As of today, Netflix’s success is still on the rise; providing business to directors because of the major production studios decrease in films being produced. Many people will argue that Netflix and other streaming services will eventually bring an end to the classic film theater experience, but many are opposed to that argument saying that it won’t. Both forms of film watching are completely different and each bring their own unique aspects to audiences, but movie theater ticket sales have declined drastically over the years, with the overall profits of the Big 5 studios; Twentieth Century Fox, Warner Bros., Paramount Pictures, Universal Pictures, and Disney falling by 40 percent between 2007-2011 (Bolton 2017). But an article written for ​Variety b​ y Brett Lang states that these two films of entertainment; Netflix and film theaters, are actually more complementary than competitive towards one another. A study conducted in 2018 determined that those who attend movie theaters most oftenly are also consuming more streaming content (Lang 2018). If Netflix, Amazon, and other streaming services are not negatively impacting film theaters, it’s the quality of films being produced and the time delay for consumers that is having a drastic effect. The thing about Netflix is that despite some of its lower-quality films, their ability to produce films of unique genres and intense stories is improving immensely, while the major production companies are lacking production of good films. Considering all of the facts, it is unlikely that actual film theaters will ever be “brought out of business” because people will never stop attending theaters. But Hollywood is declining, and it has a lot to do with the countless other options of viewing movies (Bolton 2017). If streaming services such as Netflix and Amazon continue to produce original films and release them to theaters, they will gradually be able to help film theater businesses with increased ticket sales.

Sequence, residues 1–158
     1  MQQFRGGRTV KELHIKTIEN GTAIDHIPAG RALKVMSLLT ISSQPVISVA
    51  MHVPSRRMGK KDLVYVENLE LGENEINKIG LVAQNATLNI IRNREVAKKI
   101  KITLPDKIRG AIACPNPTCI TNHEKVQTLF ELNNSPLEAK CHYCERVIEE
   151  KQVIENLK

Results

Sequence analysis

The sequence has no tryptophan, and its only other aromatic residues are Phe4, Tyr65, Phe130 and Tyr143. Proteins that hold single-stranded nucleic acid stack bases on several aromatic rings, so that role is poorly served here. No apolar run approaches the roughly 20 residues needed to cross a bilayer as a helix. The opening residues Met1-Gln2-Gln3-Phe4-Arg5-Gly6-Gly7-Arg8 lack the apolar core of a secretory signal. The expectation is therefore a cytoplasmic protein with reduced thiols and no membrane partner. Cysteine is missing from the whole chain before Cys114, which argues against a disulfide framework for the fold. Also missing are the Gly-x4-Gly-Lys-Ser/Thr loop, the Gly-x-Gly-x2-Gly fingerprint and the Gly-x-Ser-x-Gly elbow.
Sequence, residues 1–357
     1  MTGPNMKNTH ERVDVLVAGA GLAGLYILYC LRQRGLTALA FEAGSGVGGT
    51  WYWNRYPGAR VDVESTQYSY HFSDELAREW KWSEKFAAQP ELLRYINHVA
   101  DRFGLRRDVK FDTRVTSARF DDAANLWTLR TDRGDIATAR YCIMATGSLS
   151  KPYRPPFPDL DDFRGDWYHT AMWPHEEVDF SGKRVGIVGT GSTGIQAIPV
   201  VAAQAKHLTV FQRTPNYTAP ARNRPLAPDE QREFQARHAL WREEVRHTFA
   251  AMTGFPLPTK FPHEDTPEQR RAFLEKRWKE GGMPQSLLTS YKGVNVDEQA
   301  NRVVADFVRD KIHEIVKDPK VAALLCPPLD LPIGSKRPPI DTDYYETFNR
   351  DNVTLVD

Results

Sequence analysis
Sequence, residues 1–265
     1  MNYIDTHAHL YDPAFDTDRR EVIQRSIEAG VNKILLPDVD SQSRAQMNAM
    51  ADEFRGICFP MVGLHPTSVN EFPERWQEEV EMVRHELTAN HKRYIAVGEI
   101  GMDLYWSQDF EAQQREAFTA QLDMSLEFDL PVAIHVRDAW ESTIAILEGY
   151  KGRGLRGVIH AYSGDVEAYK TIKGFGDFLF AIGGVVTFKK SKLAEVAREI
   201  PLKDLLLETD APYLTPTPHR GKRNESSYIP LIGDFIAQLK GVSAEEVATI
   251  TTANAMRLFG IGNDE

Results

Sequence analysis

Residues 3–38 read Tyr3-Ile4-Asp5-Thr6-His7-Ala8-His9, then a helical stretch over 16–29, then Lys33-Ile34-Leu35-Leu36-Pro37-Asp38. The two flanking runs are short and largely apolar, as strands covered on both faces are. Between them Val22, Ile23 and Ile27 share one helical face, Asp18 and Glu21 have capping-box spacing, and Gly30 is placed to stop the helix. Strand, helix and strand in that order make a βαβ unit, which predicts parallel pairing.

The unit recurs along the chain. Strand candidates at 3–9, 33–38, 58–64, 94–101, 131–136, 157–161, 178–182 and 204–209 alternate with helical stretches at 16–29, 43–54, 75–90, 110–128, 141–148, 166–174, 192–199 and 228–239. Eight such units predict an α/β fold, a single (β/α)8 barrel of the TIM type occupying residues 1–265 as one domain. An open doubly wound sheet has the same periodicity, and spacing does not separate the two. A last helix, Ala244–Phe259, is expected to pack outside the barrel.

In spite of the never ending competition that Netflix faces, it will continue to hold its spot on the top of the streaming services because of constant content being released. Even with major filmmakers like Spielberg referring to them as “TV movies”, Netflix will continue to succeed in the film industry because it differentiates itself from major production companies as well as other streaming services by making the majority of its productions limited to its subscribers only. While many of the Netflix Original films are considered to be low-quality and lack consistent plot, they released a film in 2018 that gives them an advantage of being solely a streaming service.